Summer  |  Look alikes  |  Gasoline and fuels

Corn Oil? Torch Fuel? Apple Juice? A Fatal Mistake

The Bottom Line

Torch fuel can look like apple juice. Making that mistake has cost people their lives.

The Full Story

An 84-year-old woman died after a family member poured torch fuel into a glass. She drank it, thinking it was apple juice. An eight-year-old girl has permanent lung damage after making the same mistake. Several other people also drank torch fuel, mistaking it for juice or another drink.

A look at the photos tells much of the story. These products look alike in the bottle. The liquid is the same color, the bottles are of similar heights, and the caps look alike. And when poured out of their bottles, it's impossible to tell the difference.

Torch fuel, sometimes called torch oil, is poured into many varieties of "tiki torches" or "patio torches" used for outdoor lighting in warm weather. Many merchants sell them in bamboo or metal. The "torch" or lantern portion sits on top of a long pole that is usually put into the ground or a bucket of sand. The torch fuel may contain an insect repellant such as citronella or lemon grass.

If swallowed, torch fuel can easily slide down into the lungs instead of going into the stomach. This causes pneumonia and also prevents the lungs from absorbing oxygen. Even small amounts in the lungs can be life-threatening or fatal.

Don't make a fatal mistake!

  • Store poisons and food in different places.
  • Do NOT put poisons into food containers. Keep poisons in their original containers.
  • Put the child-resistant cap firmly back in place after using torch fuel or other products.
  • Read the label before eating, drinking, or taking medicine. Be sure it's the right thing BEFORE you put it into your mouth!

If you do make a mistake - with torch fuel or anything else - use the webPOISONCONTROL® online tool or call Poison Control right away at 1-800-222-1222. Around the clock, Poison Control will tell you exactly what to do.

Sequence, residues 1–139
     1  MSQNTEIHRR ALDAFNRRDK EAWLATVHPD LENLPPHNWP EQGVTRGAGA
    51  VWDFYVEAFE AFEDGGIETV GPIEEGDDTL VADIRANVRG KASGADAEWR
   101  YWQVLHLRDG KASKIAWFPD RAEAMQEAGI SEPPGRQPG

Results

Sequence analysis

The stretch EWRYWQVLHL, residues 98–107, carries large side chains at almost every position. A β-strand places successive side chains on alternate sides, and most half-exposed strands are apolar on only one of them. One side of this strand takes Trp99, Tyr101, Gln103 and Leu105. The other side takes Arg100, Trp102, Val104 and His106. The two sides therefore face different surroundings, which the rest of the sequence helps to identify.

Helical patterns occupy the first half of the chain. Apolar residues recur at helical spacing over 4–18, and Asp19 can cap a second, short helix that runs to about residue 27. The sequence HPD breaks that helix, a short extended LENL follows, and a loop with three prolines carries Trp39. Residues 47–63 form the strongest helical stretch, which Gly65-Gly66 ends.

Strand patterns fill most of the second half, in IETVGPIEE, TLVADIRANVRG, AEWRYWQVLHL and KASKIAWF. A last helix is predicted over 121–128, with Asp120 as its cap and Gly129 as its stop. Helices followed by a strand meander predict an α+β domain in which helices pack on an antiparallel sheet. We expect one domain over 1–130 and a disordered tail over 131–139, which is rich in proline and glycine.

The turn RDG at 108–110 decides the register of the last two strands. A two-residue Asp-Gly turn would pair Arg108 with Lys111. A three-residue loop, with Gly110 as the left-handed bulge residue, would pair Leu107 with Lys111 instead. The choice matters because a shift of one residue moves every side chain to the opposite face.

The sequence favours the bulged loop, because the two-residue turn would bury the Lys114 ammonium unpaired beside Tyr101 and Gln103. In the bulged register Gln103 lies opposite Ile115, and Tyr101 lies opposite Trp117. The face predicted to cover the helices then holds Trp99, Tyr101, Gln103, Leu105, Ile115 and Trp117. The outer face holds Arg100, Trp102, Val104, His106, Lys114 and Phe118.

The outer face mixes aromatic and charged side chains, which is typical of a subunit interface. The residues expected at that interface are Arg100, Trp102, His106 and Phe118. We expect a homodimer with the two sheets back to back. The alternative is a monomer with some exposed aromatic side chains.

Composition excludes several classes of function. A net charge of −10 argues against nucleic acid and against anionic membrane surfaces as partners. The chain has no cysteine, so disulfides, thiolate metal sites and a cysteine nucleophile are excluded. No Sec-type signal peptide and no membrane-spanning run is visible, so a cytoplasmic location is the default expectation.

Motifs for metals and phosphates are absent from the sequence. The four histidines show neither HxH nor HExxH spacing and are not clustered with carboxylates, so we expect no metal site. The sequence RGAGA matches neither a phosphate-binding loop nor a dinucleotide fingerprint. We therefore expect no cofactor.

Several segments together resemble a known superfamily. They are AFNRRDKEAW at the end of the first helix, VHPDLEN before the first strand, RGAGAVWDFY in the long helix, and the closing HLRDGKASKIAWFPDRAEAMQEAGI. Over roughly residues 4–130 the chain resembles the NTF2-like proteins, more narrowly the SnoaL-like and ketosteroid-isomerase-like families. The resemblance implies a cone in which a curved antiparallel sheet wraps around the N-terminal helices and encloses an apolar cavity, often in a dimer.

Rose Ann Gould Soloway, RN, BSN, MSEd, DABAT emerita
Clinical Toxicologist

For More Information

Dangerous household hydrocarbons (The Poison Post®)


Jolliff HA, Fletcher E, Roberts KJ, Baker SD, McKenzie LB. Pediatric Hydrocarbon-Related Injuries in the United States: 2000-2009. Pediatrics. 2013;131;1139-1148; originally published online May 6, 2013; DOI: 10.1542/peds.2012-3913


Call 1-800-222-1222 or

HELP ME online

Prevention Tips

Read the label before using a product - every time. Store products in their original containers, out of sight and reach of children. Do NOT transfer products into food or beverage container.

This Really Happened

A 22-month-old girl tried to swallow some tiki torch fuel. It went into her lungs and she began to cough right away. In the emergency room, she had a lot of trouble breathing, her blood pressure was low, she had bloody froth in her mouth, and her eyes "rolled back into her head". An x-ray show that her right lung had extensive injury. She received emergency care and was transferred to another hospital.

When she got there, she had a cardiac arrest. Although resuscitation efforts continued for some time, the child died.